Untangling (Un)Intelligible Transgender Characters in Contemporary American and British Fiction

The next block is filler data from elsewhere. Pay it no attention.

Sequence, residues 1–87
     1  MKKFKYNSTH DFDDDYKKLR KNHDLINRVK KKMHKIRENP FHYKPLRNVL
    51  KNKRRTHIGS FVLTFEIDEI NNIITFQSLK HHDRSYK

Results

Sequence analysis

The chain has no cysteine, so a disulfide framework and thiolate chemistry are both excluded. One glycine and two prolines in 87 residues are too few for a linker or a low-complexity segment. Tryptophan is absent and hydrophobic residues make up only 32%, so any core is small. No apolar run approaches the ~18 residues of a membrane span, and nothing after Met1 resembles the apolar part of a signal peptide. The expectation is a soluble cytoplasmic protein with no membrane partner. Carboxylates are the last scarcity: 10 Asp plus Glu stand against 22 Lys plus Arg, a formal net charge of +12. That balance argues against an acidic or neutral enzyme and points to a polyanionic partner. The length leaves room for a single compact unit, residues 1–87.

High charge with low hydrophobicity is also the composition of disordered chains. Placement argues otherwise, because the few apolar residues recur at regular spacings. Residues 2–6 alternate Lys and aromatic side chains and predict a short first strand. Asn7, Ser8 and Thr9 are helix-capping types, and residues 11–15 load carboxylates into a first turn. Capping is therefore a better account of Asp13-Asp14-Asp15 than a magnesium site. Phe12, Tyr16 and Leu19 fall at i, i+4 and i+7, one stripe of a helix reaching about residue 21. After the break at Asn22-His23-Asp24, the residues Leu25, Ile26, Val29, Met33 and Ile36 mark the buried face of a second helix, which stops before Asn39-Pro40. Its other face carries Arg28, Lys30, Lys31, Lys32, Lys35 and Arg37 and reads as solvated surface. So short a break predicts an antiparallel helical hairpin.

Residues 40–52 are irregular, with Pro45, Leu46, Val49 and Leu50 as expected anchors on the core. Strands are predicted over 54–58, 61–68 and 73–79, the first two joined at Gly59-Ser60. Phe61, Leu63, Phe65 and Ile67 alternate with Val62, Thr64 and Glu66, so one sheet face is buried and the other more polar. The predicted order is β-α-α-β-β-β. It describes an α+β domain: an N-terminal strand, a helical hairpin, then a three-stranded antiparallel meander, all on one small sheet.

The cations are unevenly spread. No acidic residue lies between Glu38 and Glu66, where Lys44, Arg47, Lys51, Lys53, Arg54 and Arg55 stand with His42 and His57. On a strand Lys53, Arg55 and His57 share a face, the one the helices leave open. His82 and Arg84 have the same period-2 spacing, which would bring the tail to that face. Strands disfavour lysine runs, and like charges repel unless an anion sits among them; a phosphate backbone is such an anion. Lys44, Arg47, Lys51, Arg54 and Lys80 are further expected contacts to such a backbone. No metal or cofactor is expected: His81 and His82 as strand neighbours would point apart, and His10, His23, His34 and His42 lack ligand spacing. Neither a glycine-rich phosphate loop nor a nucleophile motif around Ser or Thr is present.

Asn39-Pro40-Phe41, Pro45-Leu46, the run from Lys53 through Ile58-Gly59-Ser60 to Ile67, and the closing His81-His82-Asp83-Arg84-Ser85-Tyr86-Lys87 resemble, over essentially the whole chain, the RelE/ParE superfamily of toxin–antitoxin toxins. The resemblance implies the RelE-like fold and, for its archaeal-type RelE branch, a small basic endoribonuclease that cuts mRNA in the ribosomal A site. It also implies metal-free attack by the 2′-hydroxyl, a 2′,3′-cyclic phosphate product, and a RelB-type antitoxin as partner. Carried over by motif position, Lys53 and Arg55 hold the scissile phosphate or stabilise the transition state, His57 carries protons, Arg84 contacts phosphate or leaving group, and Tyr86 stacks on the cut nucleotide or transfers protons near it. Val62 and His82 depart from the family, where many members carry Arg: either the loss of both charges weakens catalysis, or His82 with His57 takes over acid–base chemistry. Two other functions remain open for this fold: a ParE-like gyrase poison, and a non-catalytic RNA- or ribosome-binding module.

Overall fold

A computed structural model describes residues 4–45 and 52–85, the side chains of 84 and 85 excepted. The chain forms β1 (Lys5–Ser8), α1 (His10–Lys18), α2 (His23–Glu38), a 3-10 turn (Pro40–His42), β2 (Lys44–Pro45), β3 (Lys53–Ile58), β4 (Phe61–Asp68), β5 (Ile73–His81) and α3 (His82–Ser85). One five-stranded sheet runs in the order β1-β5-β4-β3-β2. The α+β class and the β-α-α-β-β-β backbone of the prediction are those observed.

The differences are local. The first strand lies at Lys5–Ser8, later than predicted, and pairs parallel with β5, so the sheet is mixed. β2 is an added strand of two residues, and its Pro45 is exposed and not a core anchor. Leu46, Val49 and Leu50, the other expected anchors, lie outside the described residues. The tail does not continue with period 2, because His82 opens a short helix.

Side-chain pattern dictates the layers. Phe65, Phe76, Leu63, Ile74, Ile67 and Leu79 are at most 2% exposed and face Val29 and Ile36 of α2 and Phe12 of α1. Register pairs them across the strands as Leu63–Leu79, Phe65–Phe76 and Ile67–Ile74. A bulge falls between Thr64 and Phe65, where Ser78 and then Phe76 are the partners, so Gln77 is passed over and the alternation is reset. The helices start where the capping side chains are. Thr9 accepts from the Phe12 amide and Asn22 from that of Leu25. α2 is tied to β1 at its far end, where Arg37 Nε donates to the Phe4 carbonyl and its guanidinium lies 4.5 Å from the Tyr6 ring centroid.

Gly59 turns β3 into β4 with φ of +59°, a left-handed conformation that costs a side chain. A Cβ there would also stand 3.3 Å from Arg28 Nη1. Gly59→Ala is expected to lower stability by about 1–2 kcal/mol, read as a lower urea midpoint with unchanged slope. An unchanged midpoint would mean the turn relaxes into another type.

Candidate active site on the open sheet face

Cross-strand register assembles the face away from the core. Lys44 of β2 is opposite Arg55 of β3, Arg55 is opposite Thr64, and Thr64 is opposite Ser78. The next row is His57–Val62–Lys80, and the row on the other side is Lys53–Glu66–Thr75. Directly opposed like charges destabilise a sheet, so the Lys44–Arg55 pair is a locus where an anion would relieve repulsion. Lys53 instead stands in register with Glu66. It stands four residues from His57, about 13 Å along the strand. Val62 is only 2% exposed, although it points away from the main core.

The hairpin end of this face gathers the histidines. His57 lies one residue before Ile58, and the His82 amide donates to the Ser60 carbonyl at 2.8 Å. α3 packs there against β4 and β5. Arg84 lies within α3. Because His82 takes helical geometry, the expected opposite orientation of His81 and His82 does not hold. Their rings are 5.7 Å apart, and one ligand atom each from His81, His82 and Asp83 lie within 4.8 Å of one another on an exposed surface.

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This thesis focuses on interrogating the manner in which trans individuals are portrayed in contemporary American and British fiction and what responsibility novels that deal in these themes have in creating narratives. The theoretical framework that guides these discussions comes from the field of transgender theory. The question that guides the thesis is: How do novels focused on representing trans experiences create their characters to be intelligible and fully realised? The discussion that this thesis is interested in is guided by first gaining an understanding of the theoretical debates around trans people before delving into the literary history of transformation, as that will inform the discussion of transitioning in the analytical chapter. The analytical chapter will provide an in-depth analysis of Bernadine Evaristo’s Girl, Woman, Other and Jeffery Eugenides’ Middlesex. The analysis of these texts will explore how each novel characterises their protagonist and how they create intelligible depictions of the trans experience. This will allow for a conversation around the responsibility of the author in telling these often-unheard narratives. The overall work of this thesis is to engage with trans fiction and understand the effect that those narratives can have in understanding the real trans experience.